In my childhood, Vesku was the biggest possible idol for me and many of my peers, writes journalist-writer Tuomas Marjamäki.

    Vesa-Matti Loir (pictured) and Tuomas Marjamäki had a relationship of trust for years. INKA SOVERI

    The two-track pétanque ball was almost stuck in the wooden snad. I decided to roll my own single-tracked ball with the two-tracked one further so that the snadi would stay in place. I concentrated, aimed and prepared to release the ball…

    – I know what you’re trying to do. But it won’t work, came a rumble from behind me.

    I broke down. The ball flew out of my hand and flew far from the target, but I just laughed. It was okay to lose at petanque To Vesa-Matti Loir.

    It was June 1998. We spent the movie “Johtaja Uuno Turhapuro, pisnismies” in the yard of the Käpylä työvänehallo. In these shots, Finland’s biggest entertainment trio Spede Pasanen, Vesku Loiri and Simo Salminen had worked together for the last time. In the same context, my own 20-year collaboration with Vesku began.

    I had been involved in the filming as a reporter for Aamulehti and once I was asked by the director Ere Kokkose why a book has not been made about Uuno Turhapuro yet. He asked me to make one. So I hung out interviewing the actors, and got to know the whole crew. The book was completed in a few weeks and announced at the premiere of the film.

    In my childhood, Vesku was the biggest possible idol for me and many of my peers. When I started making my own magazine at the age of 11 and interviewing celebrities for it, my dream was naturally to get to talk to him too. I found out Vesku’s address and wrote a nice letter, to which I did not receive an answer.

    I already thought Vesku was arrogant, but when we finally met, this perception was corrected. He treated the 19-year-old journalist matter-of-factly, and a strong trust developed between us. Over the years, we did 25 big stories for different magazines in many different situations and around many topics.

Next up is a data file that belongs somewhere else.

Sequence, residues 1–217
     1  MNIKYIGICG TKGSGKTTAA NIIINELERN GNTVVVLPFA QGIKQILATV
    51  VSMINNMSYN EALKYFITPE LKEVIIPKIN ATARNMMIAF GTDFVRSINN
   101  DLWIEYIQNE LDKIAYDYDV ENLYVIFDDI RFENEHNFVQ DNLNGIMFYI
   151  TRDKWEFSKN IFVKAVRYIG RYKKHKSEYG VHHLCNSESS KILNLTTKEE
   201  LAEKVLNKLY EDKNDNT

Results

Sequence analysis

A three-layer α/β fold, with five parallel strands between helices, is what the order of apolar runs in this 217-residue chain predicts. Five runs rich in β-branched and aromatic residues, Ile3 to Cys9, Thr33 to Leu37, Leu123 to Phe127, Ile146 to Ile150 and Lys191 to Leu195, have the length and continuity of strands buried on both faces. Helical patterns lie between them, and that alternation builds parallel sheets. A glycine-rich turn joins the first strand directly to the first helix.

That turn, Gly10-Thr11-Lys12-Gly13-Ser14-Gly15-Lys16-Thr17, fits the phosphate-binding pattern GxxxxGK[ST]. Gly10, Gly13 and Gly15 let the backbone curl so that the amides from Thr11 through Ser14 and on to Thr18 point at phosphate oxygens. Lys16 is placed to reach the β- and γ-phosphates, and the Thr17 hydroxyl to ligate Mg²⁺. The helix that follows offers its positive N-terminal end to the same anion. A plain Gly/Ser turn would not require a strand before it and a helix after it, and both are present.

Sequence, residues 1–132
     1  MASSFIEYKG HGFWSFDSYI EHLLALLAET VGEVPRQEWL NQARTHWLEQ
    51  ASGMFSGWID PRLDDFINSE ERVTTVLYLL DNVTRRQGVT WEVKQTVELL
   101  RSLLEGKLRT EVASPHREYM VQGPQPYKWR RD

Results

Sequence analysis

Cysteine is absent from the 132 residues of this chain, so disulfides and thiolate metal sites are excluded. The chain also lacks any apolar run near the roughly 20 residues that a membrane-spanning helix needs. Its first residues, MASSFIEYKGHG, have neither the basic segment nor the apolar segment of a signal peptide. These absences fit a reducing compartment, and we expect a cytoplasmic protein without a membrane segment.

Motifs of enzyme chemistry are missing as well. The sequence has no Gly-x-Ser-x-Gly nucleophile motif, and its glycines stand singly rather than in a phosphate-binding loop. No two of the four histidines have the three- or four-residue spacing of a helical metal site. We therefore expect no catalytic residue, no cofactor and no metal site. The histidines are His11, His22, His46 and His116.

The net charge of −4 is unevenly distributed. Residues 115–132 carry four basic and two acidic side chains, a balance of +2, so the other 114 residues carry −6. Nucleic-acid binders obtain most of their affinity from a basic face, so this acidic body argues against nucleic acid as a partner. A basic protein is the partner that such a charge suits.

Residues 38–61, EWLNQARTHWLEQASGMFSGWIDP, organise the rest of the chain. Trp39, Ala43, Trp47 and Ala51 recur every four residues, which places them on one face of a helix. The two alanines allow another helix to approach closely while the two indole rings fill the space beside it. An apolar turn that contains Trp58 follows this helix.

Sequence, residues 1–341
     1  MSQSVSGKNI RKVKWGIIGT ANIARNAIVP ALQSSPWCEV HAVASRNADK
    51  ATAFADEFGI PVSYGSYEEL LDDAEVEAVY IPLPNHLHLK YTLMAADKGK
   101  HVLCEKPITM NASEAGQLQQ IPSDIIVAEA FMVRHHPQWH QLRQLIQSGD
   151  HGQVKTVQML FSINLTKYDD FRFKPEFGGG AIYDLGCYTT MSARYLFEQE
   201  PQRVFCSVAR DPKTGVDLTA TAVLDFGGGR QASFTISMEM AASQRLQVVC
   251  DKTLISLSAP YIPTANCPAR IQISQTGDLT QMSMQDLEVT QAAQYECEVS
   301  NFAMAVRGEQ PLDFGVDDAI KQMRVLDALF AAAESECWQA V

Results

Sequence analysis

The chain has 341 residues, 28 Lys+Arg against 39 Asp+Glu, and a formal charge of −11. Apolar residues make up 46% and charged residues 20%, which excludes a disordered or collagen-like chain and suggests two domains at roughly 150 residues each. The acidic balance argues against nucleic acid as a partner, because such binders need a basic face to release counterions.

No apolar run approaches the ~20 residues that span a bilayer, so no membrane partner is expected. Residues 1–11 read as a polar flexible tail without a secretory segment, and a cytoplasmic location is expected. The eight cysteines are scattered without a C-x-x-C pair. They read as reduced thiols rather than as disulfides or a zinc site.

In the 1990s, Vesku politely gave out his home number and agreed to interviews if they fit into his schedule and didn’t require a lot of effort. Vesku was not yet standing on such a high pedestal, on which he was later raised. People loved him as a comedian, but for example the more artistic albums didn’t sell, some of the cultural crowd scrunched their noses and the newsrooms were in pain when Veskus had gone to do a story again.

    The situation started to change in the early years of the 21st century, among other things Junnu Vainio -interpretations and the Bad Boys movie. Vesku was declared a living legend at the same time that his health (or rather his illnesses and overweight) began to be observed with a magnifying glass. In the fall of 2007, even certain information about Vesku’s death spread. After that, every scrap of what the legend did was enough for a headline, the artist himself began to withdraw and retreated to his cabin on the shore of Lake Inarijärvi or to Thailand during the winter.

    Vesku’s phone was usually always on, so when I was looking for him, I first sent a text message with the forwarding information, so I could see when the phone opened – and then I called him immediately.

    In March 2006, after much effort, I got Vesku to recall his comedy career for the Laughter book. He invited me to his home at the Cable Factory, where we talked for many hours in the dark of the evening, with only the light of a leg lamp. The artist’s figure darkened, one cigarette after another lit up on his lips, and the cart clung tightly to my clothes.

    The Kaapelitehtaan room was not officially intended for living, but Vesku stayed there for eight years. The floor of one room was full of performance clothes, the other room was full of bottles, in the middle of the living room there was a billiard table without a bag or carom, with a flute and music papers on it, a large sofa and a television in the corner. In that corner, Vesku mostly spent his free time playing Playstation.

    After the interview, Vesku asked me to pick up some “dinner cognacs” for him. There was a fan of fifty euro bills on the table, of which he gave me a few.

    – I’ll call you a taxi, go to Alko in Ruoholahti and ask the driver to wait. Take Reviseur, it has less sugar.

    I drove the shortest taxi ride of my life, got Vesku’s evening snack, returned back to Kaapelitehta, and we took some more small snacks together.

    – I now remember the letter you sent. But it came to me so late that I thought it was already out of date, Vesku said.

    I promised to believe and we clinked glasses.

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